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A Nonprofit Focused on Play Learns to Find the Joy in Fundraising

Lessons learned to diversify your revenue, build strong donor relations, and change your perspective on fundraising.

December 17, 2020

“When we were talking about play, everybody thought we were mad,” said Anu Thomas, a program manager at Headstreams.

Headstreams has introduced a playful approach to learning for children and young people in low-income areas of Karnataka, India. Founded in 2008, the nonprofit brings play-based curriculum and learning spaces to public schools, libraries, child care centers, and other community settings.

“Vital social skills are learned on the playground,” explained Dr. Alexander Cheriyan, president of Headstreams. Children learn confidence, resilience, and how to respect the feelings and decisions of others, he said.

Furthermore, research suggests that play can reduce the toxic stress that threatens the health and development of children who are raised in poverty.

Twelve years into its journey, Headstreams was passionate about its mission to encourage everyone to realize their potential and live a positive and purposeful life. However, the team couldn’t escape the cycle of running out of money and then scrambling to raise more at the last minute.

“We looked at fundraising as a sort of ‘necessary burden’ that was needed to sustain the work,” said Naveen Thomas, co-founder of Headstreams. “As a project was coming to an end, we would suddenly realize that we had to either find a new donor or go back to an old donor.”

Occasionally, the team would make an effort to plan ahead and distribute responsibilities. But while the demands of programs were exciting and fulfilling, fundraising was seen as a chore.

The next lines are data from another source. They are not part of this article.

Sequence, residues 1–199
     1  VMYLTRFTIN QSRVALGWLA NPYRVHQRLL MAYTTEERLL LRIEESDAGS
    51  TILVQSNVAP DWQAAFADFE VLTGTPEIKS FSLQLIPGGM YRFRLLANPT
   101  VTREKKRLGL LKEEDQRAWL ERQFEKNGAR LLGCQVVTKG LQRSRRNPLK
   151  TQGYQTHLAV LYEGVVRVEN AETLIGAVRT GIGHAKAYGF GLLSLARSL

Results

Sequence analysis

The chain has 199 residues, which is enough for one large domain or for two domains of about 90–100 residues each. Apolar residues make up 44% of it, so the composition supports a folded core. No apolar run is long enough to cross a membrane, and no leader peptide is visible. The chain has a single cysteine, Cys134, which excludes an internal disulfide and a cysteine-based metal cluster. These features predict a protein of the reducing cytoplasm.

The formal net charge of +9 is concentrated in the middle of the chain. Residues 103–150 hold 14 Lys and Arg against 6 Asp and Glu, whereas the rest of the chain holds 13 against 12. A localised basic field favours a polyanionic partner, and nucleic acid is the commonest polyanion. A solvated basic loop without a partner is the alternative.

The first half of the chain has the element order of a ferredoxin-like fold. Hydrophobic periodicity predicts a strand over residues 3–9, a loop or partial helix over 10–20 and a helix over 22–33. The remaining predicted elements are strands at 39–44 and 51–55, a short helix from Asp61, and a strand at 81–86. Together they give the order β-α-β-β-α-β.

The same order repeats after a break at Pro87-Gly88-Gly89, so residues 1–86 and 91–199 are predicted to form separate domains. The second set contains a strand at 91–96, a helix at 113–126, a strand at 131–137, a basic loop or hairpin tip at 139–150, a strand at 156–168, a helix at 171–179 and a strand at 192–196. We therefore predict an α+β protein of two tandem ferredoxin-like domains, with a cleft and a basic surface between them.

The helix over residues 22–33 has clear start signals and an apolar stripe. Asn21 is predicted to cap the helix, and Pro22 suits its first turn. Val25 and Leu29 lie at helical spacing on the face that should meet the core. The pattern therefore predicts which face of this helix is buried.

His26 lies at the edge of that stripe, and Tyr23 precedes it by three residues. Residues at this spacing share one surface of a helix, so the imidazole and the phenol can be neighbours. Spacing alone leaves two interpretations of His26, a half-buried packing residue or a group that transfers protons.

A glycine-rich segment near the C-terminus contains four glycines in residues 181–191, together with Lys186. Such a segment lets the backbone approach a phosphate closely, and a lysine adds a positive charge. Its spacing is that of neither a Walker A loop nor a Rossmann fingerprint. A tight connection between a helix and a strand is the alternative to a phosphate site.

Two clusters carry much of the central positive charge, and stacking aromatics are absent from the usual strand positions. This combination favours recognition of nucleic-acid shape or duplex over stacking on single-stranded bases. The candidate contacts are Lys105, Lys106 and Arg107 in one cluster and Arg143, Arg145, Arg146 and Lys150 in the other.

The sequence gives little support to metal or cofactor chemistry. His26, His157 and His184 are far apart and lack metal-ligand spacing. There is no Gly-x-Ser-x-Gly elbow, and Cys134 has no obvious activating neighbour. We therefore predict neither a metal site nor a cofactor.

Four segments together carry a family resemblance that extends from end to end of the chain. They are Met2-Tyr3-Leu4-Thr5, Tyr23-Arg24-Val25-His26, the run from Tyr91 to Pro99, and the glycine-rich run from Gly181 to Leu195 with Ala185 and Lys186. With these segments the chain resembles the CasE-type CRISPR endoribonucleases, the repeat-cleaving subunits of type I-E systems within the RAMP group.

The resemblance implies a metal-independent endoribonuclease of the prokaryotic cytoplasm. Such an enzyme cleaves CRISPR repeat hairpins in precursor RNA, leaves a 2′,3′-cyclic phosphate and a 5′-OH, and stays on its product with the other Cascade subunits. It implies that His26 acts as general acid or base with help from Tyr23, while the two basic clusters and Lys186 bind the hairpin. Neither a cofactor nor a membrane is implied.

“We saw fundraising as an energy-draining and unproductive use of our time, and it was almost always an afterthought,” Naveen said. “We pushed it until we couldn’t push it any longer.”

By 2020, Headstreams was growing and the founders could no longer manage the fundraising responsibilities on their own. Moreover, they realized their existing approach to raising money — focused on small, short-term grants — was preventing Headstreams from carrying out ambitious programs over a longer timeframe.

To explore a new path forward, Naveen enrolled in Nonprofit Fundraising Essentials, an online course from Acumen Academy.

Over seven weeks, nonprofit teams learn to strengthen their fundraising fundamentals and experiment with new revenue streams. The course has five sections:

1. Learn how to express your mission statement, theory of change, and history of impact

2. Evaluate your past approach to fundraising and identify new potential revenue streams

3. Assess your budget and funding gaps to set measurable fundraising goals

4. Understand the motivations of prospective donors to make a convincing case for support

5. Strengthen your storytelling and communication with research-backed strategies

By the end of the course, nonprofits will have created a fundraising plan and identified next steps for putting the concepts from the course into practice.